Kaiserslautern offers visitors a unique locale

Rebecca Sheldon, Story and photos
U.S. Army Garrison Kaiserslautern

***image1***Kaiserslautern’s history is steeped in fish, big fish to be exact.
Sightseers taking part in a city tour sponsored by the U.S. Army
Garrison Kaiserslautern’s Army Community Service got the chance to find
out just what the fish means to Kaisers-lautern.

In the 1400s, a gigantic fish, reportedly weighing more than 380 pounds
and close to 20-feet long, was caught in what was then known as the
Emperor’s Lake of Kaiserslautern, said Elisebeth Tausch, City of
Kaiserslautern tour guide.

Today, the city’s crest features a fish, and a variety of artistically painted fish dot the landscape outside local businesses.

During the two-and-a-half-hour walking tour, ACS tour members saw parts of Kaiserslautern they normally wouldn’t notice.

***image2***“I’ve lived in Kaiserslautern for three years and have been to the
farmers’ and Christmas markets, but knew nothing about the history of
the city,” said Nancy Weber, military dependent and tour participant.
“This tour was an ideal way to find out more about the medieval origins
of this area.”

Known as the “little big city,” Kaiserslautern boasts a population of
about 103,000 people. “We are truly an international city and our Lord
Mayor Bernhard Deubig is proud of the fact that we have 126 nations
represented in our area,” Ms. Tausch said.

This was the first time ACS has sponsored a local city tour and ACS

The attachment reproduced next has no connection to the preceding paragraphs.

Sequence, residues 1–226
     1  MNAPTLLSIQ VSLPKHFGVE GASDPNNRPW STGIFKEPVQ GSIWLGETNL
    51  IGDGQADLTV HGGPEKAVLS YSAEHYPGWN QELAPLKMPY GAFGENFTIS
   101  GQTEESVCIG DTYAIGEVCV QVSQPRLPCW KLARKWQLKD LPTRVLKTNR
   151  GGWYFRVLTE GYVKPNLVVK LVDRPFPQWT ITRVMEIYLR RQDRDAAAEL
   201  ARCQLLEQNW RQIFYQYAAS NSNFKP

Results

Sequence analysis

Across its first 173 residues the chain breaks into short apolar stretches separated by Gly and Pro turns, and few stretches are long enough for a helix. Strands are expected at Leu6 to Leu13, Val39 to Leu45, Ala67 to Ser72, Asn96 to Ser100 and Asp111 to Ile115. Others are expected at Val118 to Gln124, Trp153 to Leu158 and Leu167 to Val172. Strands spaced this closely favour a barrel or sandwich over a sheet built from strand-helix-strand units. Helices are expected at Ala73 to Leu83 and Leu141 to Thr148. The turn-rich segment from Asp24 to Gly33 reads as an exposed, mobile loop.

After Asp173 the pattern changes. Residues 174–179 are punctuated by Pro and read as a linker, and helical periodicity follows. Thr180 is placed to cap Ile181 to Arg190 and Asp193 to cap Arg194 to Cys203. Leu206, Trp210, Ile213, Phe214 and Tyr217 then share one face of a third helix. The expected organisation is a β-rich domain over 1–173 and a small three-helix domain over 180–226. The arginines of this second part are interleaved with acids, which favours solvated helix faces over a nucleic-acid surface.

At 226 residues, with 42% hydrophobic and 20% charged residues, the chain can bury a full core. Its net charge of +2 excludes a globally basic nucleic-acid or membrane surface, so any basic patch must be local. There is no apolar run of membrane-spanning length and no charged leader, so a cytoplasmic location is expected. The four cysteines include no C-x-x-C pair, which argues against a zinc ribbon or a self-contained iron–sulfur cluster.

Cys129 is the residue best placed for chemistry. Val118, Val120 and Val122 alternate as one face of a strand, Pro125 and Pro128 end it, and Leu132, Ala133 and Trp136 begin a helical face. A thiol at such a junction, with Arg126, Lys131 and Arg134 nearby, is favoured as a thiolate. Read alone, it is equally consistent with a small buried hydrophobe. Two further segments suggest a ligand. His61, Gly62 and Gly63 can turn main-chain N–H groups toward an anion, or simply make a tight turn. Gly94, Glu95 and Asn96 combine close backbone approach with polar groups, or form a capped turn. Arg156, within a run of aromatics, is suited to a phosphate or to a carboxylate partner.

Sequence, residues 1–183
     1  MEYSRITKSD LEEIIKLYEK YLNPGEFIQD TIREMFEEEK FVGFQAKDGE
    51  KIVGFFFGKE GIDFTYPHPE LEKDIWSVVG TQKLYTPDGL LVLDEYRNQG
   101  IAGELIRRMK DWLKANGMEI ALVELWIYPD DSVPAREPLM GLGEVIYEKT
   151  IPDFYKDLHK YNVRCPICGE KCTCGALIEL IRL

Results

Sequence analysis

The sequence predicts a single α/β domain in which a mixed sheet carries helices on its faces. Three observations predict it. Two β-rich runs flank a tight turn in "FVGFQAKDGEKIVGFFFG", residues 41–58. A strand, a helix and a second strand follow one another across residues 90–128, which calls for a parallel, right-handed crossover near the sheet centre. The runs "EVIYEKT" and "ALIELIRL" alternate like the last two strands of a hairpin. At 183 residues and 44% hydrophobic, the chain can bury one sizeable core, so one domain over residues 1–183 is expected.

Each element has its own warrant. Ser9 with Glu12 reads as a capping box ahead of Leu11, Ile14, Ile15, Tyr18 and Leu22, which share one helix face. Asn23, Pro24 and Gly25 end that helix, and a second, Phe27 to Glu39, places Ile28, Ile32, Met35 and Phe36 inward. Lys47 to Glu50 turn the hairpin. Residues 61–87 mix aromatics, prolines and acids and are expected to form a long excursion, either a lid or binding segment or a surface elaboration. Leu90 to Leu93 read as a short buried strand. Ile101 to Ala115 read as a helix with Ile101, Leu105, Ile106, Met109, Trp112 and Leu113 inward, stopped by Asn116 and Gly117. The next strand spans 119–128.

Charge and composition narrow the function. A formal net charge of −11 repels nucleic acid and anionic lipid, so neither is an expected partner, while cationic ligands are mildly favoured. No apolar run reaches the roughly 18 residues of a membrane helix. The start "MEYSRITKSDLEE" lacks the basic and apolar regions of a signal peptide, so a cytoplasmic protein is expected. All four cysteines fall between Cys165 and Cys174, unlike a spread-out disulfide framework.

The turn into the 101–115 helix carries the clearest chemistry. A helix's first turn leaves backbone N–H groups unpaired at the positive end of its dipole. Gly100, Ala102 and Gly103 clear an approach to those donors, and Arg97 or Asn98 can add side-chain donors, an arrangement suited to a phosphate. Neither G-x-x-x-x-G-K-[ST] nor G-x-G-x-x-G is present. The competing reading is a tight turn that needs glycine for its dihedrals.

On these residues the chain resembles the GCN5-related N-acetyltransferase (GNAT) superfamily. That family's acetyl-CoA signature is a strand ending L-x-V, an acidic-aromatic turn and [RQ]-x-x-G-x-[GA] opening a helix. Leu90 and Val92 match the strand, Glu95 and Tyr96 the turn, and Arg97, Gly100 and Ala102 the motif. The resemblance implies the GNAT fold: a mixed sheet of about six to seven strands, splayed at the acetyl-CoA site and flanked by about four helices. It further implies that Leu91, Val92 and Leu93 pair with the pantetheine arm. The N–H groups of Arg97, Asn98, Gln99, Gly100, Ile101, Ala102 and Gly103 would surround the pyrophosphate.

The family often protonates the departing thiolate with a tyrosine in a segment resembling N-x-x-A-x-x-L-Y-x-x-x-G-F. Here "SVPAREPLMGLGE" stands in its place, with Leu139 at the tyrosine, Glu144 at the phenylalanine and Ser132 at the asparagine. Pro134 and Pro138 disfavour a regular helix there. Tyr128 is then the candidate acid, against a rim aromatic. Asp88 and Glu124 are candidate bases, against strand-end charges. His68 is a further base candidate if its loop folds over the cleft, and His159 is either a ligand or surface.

coordinator, Linda Alvarado, plans to hold them on a regular basis.

“We thought it was a good idea to offer a short cultural tour of the
city since so many people are assigned here and want to learn about its
history,” Ms. Alvarado said. “The City of Kaiserslautern’s tourist
office can accommodate a variety of groups, and people don’t have to go
far to take advantage of this travel opportunity right in their own
back yard.”

Tour stops included the modern City Hall, built in the mid-1960s,
Pfalztheater, World War I Memorial, St. Martin’s Square, the Imperial
Palace ruins, and the Theodor-Zink Museum.

However, the tour’s two biggest highlights were the Emperor’s fountain and catacombs.

A meandering underground passage located in front of City Hall is part
of the ruins of the Imperial Palace, dating back to 1152. Today,
non-claustrophobic visitors can wander through the subterranean passage
that was used as an escape route in earlier times.

***image3***Further west is the Emperor’s Fountain, created by artist Gernot Rumpf
in 1987. Crafted from sandstone and bronze, the fountain features a
variety of whimsical figures representing the city of Kaiserslautern.
Of course, the giant fish is present, along with the University Owl, a
sewing machine and a motor block for the Pfaff sewing-machine company
and automaker Opel.

People interested in taking part in the next Kaiserslautern City Tour
can contact USAGK ACS at 0631-536-6476. You can also e-mail the tourist
office at information@kaiserslautern.de for more details about their